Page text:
Retaking the GMAT (Again): Is 3 Times Too Many?

Retaking the GMAT

At Admissionado, our team hears this question time and time again regarding the GMAT:

“I have taken my GMAT twice and I’m still not happy with my score. Should I accept this last score and move on, or should I try to re-take it again? Does it look bad to the schools if I’ve taken the test three times?”

The GMAT. There’s no getting around it, folks. That test is pretty awful. For those of you in the same (or similar) boat as the applicant who asked the question above, we applaud you for simply finding motivation to take it even a second time, let alone considering going for it again.

It’s a grueling test that totally plays with your mind. Ask most of the people on our team and they shudder at the mere thought of their GMAT prep days.

shuttering at the thought of the gmat

But enough about that. If you’re considering retaking the GMAT again you’re wondering, “damn… is a third time TOO many times?” To answer that, we have ask another question:

What does it mean that you’re “not happy” with your score?

If it means you were scoring similarly on your practice tests, but were hoping beyond all hope that you’d somehow get a 780 this time around, retaking it might not be the best idea. Of course, you CAN – it’s up to you – but you’ve got so many other things you should be doing for your applications right now. Don’t waste your time trying to achieve an unattainable (and unrealistic) goal.

Focus on all the other stuff (you know, your essays, campus visits, your resume, video interviews, etc.) that will make you a stronger applicant. THAT will be a good use of your time and energy.

However, if it means you haven’t reached your potential score for whatever reason, yes, retake the GMAT. If you think you can get that score up to something you’d be proud of, then why the hell not?

Here’s an example: I knew a student at HBS who took the GMAT four times. Yes, four. And personally, I think four should be the max. Take it any more than that, and you’re beating a dead horse. But until that point, every time you take it, you’re doing two things:

  1. Improving your score (woohoo!)
  2. Showing the admissions committee (we call them adcoms) that you GET it. That you’re a hard worker. That you’ll do whatever it takes to be successful. Because let’s be real: no one wants to re-take that test even once. And if you’re retaking it three or four times, it means you’re serious and you’re motivated… and those are two very appealing qualities to an adcom member.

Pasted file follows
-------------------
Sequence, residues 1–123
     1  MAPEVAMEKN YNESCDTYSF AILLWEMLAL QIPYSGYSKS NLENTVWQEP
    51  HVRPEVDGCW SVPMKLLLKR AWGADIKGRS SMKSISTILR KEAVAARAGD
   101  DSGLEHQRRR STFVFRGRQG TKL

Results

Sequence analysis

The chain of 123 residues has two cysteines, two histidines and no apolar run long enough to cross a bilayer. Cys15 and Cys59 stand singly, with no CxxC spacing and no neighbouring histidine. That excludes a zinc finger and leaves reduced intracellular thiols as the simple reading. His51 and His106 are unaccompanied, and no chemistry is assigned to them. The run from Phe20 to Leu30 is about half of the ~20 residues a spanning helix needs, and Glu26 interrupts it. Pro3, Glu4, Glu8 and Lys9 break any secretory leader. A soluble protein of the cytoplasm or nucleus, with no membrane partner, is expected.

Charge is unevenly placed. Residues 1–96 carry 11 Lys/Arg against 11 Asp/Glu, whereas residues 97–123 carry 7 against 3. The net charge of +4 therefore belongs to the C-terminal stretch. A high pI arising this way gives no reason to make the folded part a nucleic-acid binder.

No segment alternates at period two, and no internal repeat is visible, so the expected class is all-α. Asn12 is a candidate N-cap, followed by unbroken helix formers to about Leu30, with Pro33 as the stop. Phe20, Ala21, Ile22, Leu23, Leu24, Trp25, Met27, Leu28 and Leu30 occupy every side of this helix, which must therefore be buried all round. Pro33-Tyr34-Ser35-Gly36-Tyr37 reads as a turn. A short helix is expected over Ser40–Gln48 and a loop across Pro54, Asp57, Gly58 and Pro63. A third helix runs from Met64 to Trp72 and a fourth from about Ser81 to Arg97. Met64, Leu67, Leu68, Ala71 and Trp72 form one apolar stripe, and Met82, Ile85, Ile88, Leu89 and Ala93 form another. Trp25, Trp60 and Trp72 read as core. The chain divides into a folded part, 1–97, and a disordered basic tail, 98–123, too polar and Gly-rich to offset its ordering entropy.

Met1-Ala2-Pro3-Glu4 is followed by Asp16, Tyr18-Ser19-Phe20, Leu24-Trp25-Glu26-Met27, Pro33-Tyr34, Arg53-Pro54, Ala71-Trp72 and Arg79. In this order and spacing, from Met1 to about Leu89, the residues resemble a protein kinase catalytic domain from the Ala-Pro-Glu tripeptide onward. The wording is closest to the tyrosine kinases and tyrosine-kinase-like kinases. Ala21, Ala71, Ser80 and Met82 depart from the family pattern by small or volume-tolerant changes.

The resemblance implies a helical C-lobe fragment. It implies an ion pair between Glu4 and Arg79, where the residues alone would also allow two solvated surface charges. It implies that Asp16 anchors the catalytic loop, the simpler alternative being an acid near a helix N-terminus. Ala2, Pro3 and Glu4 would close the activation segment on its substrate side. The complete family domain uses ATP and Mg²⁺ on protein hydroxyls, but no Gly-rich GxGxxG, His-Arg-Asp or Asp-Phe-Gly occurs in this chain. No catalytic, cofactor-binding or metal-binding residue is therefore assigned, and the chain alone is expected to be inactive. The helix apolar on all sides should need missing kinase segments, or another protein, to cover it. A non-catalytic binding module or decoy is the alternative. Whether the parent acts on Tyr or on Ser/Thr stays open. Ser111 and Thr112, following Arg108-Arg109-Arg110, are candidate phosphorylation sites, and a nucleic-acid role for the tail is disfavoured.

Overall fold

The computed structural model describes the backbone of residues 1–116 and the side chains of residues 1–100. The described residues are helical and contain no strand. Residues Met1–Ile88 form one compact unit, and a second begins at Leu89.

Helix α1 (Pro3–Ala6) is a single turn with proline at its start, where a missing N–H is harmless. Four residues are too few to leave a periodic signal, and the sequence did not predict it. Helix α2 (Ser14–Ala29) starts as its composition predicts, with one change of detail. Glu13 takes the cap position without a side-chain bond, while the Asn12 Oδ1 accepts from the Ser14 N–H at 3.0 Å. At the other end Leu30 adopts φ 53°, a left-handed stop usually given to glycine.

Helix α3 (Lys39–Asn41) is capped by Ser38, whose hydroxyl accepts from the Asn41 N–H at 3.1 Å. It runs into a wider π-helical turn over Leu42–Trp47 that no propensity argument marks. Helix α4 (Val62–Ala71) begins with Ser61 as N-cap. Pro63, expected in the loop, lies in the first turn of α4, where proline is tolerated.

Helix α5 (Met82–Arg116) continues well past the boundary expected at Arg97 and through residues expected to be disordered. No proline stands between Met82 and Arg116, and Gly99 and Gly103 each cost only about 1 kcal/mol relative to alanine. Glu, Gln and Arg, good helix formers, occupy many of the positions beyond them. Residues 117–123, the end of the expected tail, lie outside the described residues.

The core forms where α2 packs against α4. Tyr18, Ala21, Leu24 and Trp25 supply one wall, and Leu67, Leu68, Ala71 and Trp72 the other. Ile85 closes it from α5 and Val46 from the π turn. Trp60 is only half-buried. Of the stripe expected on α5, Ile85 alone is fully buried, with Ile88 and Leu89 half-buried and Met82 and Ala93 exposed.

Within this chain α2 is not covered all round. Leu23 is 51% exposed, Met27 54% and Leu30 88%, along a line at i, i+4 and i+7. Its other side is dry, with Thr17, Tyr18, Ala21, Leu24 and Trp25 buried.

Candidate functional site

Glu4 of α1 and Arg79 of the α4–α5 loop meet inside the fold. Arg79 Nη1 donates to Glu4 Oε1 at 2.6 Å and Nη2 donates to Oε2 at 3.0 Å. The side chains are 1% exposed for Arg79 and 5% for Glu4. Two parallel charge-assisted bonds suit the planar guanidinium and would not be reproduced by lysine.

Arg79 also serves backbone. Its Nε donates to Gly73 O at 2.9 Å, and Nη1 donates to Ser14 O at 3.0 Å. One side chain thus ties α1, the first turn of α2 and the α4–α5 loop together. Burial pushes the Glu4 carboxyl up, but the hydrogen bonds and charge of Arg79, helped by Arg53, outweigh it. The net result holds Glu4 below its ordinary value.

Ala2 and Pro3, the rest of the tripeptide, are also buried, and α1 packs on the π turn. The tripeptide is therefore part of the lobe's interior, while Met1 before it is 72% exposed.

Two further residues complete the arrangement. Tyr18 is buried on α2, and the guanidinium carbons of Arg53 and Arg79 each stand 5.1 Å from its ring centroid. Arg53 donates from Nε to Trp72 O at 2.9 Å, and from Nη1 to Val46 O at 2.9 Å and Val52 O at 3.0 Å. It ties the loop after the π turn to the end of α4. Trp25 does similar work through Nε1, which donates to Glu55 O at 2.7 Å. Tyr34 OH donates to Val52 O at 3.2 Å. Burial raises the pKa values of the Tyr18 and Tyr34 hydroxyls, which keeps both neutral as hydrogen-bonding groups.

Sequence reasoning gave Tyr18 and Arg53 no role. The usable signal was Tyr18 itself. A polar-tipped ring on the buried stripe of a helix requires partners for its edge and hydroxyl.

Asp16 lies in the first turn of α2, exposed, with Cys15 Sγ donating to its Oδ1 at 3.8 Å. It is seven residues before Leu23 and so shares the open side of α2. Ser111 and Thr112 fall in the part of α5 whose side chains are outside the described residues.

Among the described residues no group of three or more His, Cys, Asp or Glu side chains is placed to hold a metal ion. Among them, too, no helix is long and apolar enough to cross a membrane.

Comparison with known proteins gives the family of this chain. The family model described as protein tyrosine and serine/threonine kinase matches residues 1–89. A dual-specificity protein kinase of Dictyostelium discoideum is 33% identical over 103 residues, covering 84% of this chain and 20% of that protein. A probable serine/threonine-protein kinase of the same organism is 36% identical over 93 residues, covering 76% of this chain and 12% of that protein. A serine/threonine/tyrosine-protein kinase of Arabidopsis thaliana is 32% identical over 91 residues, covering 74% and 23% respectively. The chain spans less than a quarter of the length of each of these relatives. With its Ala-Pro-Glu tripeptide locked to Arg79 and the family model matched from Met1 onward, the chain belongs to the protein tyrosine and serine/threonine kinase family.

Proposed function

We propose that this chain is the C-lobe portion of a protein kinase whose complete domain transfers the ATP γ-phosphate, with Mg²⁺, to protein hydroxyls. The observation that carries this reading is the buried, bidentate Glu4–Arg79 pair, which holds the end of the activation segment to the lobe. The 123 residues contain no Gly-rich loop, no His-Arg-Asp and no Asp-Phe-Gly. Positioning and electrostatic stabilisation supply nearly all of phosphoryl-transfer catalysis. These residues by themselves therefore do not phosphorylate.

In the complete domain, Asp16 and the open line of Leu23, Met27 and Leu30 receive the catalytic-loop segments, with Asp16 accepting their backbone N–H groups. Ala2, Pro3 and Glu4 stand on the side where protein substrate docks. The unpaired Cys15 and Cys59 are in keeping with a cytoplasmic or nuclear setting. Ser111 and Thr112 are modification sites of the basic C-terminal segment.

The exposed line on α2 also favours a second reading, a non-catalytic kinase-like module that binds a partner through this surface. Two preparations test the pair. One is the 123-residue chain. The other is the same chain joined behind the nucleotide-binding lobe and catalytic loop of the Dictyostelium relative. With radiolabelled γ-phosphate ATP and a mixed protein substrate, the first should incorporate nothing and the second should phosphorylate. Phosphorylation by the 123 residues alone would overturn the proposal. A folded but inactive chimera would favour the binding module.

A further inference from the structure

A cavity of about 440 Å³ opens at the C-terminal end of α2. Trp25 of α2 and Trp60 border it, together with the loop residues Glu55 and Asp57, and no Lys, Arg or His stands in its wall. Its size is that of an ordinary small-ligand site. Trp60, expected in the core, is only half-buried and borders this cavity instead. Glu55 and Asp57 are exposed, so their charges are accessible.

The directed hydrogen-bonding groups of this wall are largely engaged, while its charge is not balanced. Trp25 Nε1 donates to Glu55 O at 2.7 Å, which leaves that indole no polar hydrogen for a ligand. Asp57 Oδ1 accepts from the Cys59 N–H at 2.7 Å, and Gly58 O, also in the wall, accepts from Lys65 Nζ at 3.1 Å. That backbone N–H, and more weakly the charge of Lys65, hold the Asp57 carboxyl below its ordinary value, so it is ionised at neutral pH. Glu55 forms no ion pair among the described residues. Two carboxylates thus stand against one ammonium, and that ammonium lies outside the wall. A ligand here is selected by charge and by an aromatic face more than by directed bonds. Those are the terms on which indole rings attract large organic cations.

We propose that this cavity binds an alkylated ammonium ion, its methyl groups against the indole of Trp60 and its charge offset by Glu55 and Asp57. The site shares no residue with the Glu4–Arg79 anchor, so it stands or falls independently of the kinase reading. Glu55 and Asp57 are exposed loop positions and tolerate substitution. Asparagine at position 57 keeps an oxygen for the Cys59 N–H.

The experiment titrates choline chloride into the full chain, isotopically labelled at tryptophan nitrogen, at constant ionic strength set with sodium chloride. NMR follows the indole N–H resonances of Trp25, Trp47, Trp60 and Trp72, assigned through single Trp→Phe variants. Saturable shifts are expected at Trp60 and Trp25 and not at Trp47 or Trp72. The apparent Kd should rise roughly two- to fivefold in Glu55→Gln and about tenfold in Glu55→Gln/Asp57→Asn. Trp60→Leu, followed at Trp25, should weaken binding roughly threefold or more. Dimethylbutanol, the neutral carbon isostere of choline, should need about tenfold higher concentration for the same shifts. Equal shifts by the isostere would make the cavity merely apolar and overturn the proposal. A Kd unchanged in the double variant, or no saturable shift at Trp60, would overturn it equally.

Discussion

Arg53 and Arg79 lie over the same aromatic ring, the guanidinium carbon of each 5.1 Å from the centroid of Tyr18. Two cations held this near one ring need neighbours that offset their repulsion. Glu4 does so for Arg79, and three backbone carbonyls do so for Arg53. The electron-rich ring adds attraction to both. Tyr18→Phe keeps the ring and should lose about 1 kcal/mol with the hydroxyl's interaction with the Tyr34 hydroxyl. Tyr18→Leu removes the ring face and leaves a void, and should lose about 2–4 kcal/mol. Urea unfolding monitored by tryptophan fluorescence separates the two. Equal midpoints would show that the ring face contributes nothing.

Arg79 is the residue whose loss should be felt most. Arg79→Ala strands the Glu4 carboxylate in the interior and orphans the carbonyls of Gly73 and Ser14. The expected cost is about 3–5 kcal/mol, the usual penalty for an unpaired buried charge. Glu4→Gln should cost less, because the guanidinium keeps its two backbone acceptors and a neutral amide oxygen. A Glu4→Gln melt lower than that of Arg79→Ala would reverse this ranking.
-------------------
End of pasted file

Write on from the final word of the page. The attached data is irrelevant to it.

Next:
And here’s another bonus to consider. It used to be the case that the adcom would know how many times you took the test and what your score was each time. But nowadays, according to the GMAC Website, if you cancel your scores “The score cancellation will not be reported or otherwise indicated on all future score reports.”

So, long story short, go ahead and retake the GMAT one more time. See if you can get that score up to something you ARE happy with. Just remember: if you’re going to do this, do it right. Focus on the prep, do practice problems every day, etc. If you’re going to spend the time doing this, use that time wisely.

Looking for more info about the GMAT? Check out these blog posts!

  • Ishan Khokar

    Hi John

    Now, GMAC has introduced a rule whereby, if I reject my score, then the same is not registered in my history of scorecards.
    After reading a line in your article which is as follows: “Yes, the adcom is definitely going to know how many times you took the test and what your score was each time, “, Do you mean that the Adcom will be able to see our rejected score also?
    Regards. Ishan

    • Admissionado

      Hey Ishan!

      Great question! Okay, so this article was orginally written a bit before GMAC introduced the possibility to cancel your scores (which we find awesome!)

      According to the GMAC Website:

      If you cancel your scores “The score cancellation will not be reported or otherwise indicated on all future score reports.”

      So you are good to go! (And we’ve updated our article to reflect this as well.)

      Hope this helps!

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